Calum Says: A new, open source, electronic game

Over the last week or so I have been making a simple PCB game.

Here is a quick video of the PCB in action, but no Simon Says game for the moment... ill do a blog on programming it later

The idea was to expand on a simple "Simon Says" game, and add a little twist.

6 pins on the ATTINY were all that was needed to provide 4 buttons, a pwm buzzer, and a string of neopixels.

I also wanted to make the PCB single sided, so that people could easily replicate it if they have a pcb mill, or etching tank.

It is also (mostly) SMD, but it is very possible to solder by hand, The hardest part would be the NeoPixels, (their pads are almost underneath their shell)

Here I will provide a brief explination of the various components


I got the sample / test PCBs produced by my new favourite PCB company MitchElectronics.

In my case, just 3 days after ordering they arrived, perfect quality, great for soldering or reflowing.


I managed to miss the fact that button 4 had been incorectly routed to the ATTINY reset pin, not a digital PIN.

I ajusted the PCB layout for V1.1 so the speaker is removed... just too many traces


The game runs at 5v, which is regulated using a 1117 regulator.

I chose the 1117 because of its popularity, I was able to pick up 100 for £2 on ebay, shipped from china.

There is a 10uf capacitor on either side, 0603 size.

People seem to spend a lot of time worrying about capacitors, are they too big?, are they too small?

To answer this just google the name of the component, and look at the Data Sheet. On the first page it shows the 1117 with two 10uf caps. Easy peasy.

NeoPixels (WS2812B)

Be carful when ordering! A WS2812B is very different from the WS2812

The NeoPixels are in a string driven by the ATTINY What this means is they require only one pin, and are then chained together. This is how nearly all LED displays work, and what we are left with on the "Calum Says" Board, is essentially a tiny 2x2 display. We can make them any colour, all the same colour, or no colour at all!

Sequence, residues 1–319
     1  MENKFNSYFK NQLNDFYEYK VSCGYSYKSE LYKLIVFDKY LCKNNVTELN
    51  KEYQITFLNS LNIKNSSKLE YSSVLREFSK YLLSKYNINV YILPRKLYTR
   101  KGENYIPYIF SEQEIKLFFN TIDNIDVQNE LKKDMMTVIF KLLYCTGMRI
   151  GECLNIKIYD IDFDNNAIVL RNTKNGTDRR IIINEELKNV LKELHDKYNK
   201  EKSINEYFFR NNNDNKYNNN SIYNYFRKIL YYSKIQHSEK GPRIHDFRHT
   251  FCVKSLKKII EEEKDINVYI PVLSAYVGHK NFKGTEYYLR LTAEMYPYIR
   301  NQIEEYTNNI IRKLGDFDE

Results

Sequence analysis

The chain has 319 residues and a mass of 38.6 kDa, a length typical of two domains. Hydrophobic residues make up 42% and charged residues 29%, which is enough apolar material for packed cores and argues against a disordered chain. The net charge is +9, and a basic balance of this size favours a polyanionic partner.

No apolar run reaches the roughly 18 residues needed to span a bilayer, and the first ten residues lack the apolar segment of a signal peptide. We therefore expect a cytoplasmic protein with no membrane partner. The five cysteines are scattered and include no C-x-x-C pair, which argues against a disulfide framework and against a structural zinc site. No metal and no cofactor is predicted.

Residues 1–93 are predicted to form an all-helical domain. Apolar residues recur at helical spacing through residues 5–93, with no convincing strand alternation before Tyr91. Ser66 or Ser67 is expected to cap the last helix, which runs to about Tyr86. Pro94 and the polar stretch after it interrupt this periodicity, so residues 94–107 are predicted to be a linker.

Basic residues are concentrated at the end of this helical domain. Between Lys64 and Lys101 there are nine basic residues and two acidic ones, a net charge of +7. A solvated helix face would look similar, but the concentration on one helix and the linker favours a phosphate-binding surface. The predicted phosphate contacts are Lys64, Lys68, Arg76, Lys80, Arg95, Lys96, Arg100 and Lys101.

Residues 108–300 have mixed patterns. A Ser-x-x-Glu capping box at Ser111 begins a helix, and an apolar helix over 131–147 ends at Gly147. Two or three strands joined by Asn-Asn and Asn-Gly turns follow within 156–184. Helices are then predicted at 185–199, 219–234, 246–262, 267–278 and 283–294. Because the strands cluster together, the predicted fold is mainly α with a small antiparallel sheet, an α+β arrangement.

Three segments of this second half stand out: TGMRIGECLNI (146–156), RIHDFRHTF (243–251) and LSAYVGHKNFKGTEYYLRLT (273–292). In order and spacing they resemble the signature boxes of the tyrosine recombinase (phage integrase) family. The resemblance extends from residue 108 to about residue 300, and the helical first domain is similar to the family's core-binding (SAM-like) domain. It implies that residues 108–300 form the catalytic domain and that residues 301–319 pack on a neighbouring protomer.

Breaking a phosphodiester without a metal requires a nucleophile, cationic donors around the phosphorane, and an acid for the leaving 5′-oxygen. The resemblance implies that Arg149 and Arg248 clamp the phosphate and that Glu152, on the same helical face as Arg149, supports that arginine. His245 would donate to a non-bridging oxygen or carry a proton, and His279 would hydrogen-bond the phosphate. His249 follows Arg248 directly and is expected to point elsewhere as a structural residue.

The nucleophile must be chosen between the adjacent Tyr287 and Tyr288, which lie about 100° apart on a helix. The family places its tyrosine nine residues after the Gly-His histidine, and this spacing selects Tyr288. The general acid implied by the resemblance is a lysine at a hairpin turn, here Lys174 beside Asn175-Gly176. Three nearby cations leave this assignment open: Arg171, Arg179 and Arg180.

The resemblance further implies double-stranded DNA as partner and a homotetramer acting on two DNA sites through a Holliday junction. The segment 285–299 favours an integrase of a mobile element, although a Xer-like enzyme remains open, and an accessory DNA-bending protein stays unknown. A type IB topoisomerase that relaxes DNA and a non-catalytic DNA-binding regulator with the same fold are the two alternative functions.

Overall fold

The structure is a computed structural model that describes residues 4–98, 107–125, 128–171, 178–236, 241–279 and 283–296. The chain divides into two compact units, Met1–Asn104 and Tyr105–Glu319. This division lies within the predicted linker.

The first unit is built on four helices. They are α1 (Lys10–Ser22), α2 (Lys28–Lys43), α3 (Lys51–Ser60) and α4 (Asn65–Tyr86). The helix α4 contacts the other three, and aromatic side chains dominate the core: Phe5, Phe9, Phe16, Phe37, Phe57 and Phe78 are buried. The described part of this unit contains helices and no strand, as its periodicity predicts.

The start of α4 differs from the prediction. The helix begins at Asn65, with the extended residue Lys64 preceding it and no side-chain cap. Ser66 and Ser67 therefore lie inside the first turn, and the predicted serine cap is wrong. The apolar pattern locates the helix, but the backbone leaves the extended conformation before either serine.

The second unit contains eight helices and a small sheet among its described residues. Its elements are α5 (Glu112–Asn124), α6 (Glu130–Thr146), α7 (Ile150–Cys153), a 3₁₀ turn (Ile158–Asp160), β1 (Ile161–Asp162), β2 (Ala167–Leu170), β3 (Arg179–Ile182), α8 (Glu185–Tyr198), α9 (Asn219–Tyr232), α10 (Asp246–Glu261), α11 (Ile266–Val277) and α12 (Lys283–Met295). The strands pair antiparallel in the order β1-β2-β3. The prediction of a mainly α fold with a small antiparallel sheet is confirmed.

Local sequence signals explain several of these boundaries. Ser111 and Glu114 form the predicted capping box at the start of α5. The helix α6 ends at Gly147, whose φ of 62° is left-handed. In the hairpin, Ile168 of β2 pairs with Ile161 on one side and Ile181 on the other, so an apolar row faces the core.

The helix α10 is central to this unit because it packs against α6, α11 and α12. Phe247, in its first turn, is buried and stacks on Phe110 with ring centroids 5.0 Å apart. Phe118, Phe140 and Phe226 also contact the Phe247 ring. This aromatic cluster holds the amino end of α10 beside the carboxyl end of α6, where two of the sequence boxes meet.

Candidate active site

I have used a ATTINY45 for this build, but you could equally use ATTINY85, they are so similar the share a Data Sheet. The only difference is the ammount of memory on board.

Attiny13 == Microcontroller with 1KB
Attiny25 == Micocontroller with 2KB                                        
Attiny45 == Microcontroller with 4KB                                  
Attiny85 == Microcontroller with 8KB

The IC is programmed using a programming clip that can be purchased for just £2-£3 on eBay, and is the connected to a regular arduino UNO for programming. I use the arduino bootloader for ATTINY, as it eases development.





The buttons are grounded, and then the internal pull-ups will be used. This saves space on the PCB as resistors are not needed. Yes, the order of the switches is odd, yes, the buzzer is randomly half way through the list, this is basically to ease PCB layout.

Solder (full of lovely lead)

OK you got me, I'm sorry, I love leaded solder. Lead-free just doesnt work as well as i want it too. If anyone can recomend me a good, cheap lead-free solder paste, then id love to know, because this stuff sucks:


But this stuff rules:


By Calum Knott

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